Good News, Bad News in the Tampa Bay Partnership’s Regional Competitiveness Report and the Center for Analytics and Creativity’s E-Insights Report
By Keith Morelli
TAMPA (January 15, 2021) -- The Tampa Bay E-Insights Report 2021, compiled from real-time sources such as Google searches, Zillow postings and LinkedIn employment connections mined by researchers with the Muma College of Business, reveals the attitudes, culture and economic viability of the Tampa Bay region in comparison to other municipalities of similar size and demographics.
The exhaustive 68-page report with analyses, charts and graphs that back up its findings, was delivered to some 1,300 business and governmental leaders at a virtual State of the Region conference today. It was accompanied by the Regional Competitiveness Report, put together by the Tampa Bay Partnership, and together were presented to inform decisions made by leaders in how to improve the quality of life and boost the economy within the region.
The difference between the efforts is that the E-Insights Report, compiled by professors and graduate students in the Muma College of Business’ Center for Analytics and Creativity, relies on real-time, big-data tools that provide insights not found in traditional measures.
“Most economic conclusions are based on data drawn from a year – or even a decade – ago and if the pandemic and economic crises have shown us anything,” said Moez Limayem, dean of the Muma College of Business, “it’s how quickly markets and consumer behavior can change and that fresh data must drive decisions as much as historic data.”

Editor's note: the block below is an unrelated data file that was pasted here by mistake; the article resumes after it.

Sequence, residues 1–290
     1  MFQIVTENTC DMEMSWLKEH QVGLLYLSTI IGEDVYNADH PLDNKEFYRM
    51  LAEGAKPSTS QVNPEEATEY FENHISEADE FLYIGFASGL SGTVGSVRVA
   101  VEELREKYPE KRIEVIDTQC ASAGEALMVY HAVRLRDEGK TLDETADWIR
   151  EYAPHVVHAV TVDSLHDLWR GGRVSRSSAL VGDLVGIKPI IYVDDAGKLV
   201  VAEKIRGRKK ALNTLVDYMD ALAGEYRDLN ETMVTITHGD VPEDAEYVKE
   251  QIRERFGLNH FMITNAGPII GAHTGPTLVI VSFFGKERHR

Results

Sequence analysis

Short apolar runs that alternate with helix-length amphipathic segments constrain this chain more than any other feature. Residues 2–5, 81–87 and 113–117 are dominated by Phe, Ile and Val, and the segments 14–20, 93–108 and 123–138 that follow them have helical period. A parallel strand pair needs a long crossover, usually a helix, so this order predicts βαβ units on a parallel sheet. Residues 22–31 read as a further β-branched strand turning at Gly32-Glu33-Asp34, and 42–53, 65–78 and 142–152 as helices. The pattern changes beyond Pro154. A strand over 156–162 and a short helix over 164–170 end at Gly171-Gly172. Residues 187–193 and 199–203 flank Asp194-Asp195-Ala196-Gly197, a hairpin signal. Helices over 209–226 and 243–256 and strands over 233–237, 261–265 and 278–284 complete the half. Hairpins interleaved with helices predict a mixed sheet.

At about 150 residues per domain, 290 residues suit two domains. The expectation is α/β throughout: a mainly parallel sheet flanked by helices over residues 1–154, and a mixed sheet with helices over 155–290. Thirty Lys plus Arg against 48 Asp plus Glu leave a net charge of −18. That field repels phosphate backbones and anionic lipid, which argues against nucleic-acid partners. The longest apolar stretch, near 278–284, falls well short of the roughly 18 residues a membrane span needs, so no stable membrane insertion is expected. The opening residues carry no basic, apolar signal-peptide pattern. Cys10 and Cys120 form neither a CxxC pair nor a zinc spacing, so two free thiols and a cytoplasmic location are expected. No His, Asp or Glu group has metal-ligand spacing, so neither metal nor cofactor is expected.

By looking at real-time data to get a snapshot of the current mood and concerns of the region, USF scholars found that transit availability, STEM education and increasing the median household income are the three things that could most help the Tampa Bay region make the greatest strides in almost all areas measured in the report.
“These three things, more than anything else,” Limayem said, “are the drivers that will improve the region’s GRP (gross regional product) and prosperity.”
This is the fourth year the partnership and USF have combined to compile the comprehensive reports, but this year, researchers had to navigate some unusual circumstances: COVID-19 and the social injustice unrest that swept the nation over the summer.
The data gives a more current picture of the attitudes, standings and economics – both positive and negative – about the region in comparison with 19 other similar municipalities.
Among the takeaways of the Tampa Bay E-Insights Report 2021:
- Investments in transit infrastructure, education and labor force participation are key to economic growth.
- The Tampa Bay region is less impacted by COVID-19 when compared to Miami and Orlando.
- The economy in the Tampa Bay region is recovering after suffering a dip in the month of April.
- Regular commerce and travel in the Tampa Bay region have been less affected than in most other regions in the study.
- By mid-October, consumer-spending levels in the Tampa Bay region recovered to 100 percent of the January value.
- The Tampa Bay region stands in the lowest quantile in terms of number of job openings per million individuals.
Dave Sobush, director of policy and research with the Tampa Bay Partnership, said rising unemployment reached during the COVID-19 pandemic hit the local economy hard.